Estimating Foundations

By: Brian Hale 6/27/2011

When estimating for a remodel or finish out in an already standing building, there are many factors to consider regarding existing conditions.  One of these factors is the foundation of the building structure. 

 Not all foundations are created equal.  The many different soil types and rock formations in the DFW Metroplex require different types of foundation systems.  In most cases a new floor plan requires new plumbing fixture locations or electrical chases.  In this situation a concrete slab will have to be saw-cut, demolished, or cored and eventually poured back or patched.

 Whenever possible it is important to acquire the original building foundation and framing structural drawings which should indicate which type of foundation system the building has.  Sometimes, it is not cost effective to put a certain plumbing fixture or piece of equipment at a certain location because of a post-tension cable or a structural beam present directly below.  The structural drawings will allow us to overlay the new space with the existing structure.  This gives us an opportunity to see any potential issues before construction that can be dealt with a quick design change.  If these problems are not detected early, the project timeline will be stagnated and will likely require costly corrective measures.

 The cost and method of foundation removal and replacement will vary depending on the foundation type.  Some foundations may appear to be a standard slab-on-grade, but will actually have a crawl space (whether accessible or inaccessible) beneath them.  A common type of this foundation is designed to self-support itself with heavy amounts of steel and/or post tensioned cables.  We typically refer to this foundation as a Structural Slab.  In this case an x-ray or sonogram of the foundation may be required if the foundation plans can’t be found.  In this case, instead of saw-cutting, the concrete will most likely have to be cored at each fixture location and the piping will be routed inside the crawl space rather than in soil.   If a standard slab-on-grade is present, the slab will have to be removed,  drilled and doweled into, and poured back.  The subgrade will also have to be compacted,  a weather barrier placed, and a reinforcing inspection will have to be performed by the local municipality prior to slab-pour back.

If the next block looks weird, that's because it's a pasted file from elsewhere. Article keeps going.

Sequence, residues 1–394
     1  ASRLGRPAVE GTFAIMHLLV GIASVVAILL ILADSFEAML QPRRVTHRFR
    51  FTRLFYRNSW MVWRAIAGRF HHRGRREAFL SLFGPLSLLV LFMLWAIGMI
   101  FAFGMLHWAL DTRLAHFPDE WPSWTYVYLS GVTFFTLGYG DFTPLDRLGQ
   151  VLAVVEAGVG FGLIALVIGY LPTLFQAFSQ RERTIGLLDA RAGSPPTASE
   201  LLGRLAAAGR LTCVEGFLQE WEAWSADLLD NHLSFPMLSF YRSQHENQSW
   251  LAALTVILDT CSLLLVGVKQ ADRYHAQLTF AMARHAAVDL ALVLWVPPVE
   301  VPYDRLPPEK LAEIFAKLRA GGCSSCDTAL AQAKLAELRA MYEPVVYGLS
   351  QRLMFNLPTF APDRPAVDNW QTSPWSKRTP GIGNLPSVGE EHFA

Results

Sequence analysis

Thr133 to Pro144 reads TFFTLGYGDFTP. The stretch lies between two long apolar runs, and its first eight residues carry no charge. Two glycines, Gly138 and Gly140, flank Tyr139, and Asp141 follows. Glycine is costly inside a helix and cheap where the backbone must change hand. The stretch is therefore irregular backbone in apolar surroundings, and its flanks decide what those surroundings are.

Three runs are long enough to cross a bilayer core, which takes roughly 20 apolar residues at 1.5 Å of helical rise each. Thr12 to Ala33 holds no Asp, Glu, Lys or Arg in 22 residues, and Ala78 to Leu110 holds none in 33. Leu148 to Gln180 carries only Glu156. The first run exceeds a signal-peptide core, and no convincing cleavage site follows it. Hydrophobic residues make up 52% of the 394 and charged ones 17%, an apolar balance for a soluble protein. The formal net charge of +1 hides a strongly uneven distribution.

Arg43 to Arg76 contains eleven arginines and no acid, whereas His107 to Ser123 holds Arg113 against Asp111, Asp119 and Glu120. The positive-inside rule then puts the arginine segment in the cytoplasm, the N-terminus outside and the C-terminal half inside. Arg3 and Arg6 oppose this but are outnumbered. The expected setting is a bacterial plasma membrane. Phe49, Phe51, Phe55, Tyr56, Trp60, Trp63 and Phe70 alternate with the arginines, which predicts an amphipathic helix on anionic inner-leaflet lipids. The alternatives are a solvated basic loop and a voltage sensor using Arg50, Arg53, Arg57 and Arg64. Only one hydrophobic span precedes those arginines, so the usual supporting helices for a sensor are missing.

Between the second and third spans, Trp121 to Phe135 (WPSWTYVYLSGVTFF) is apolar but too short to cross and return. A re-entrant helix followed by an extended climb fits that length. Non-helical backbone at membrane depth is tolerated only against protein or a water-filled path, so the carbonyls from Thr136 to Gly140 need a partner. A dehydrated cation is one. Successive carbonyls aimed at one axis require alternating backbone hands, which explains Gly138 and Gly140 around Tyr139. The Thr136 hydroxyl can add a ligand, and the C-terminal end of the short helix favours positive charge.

All work that occurs in and beneath the slab is performed at the beginning of your project.  It is important that the project gets started with a strong, smooth running start to build momentum for a strong finish.

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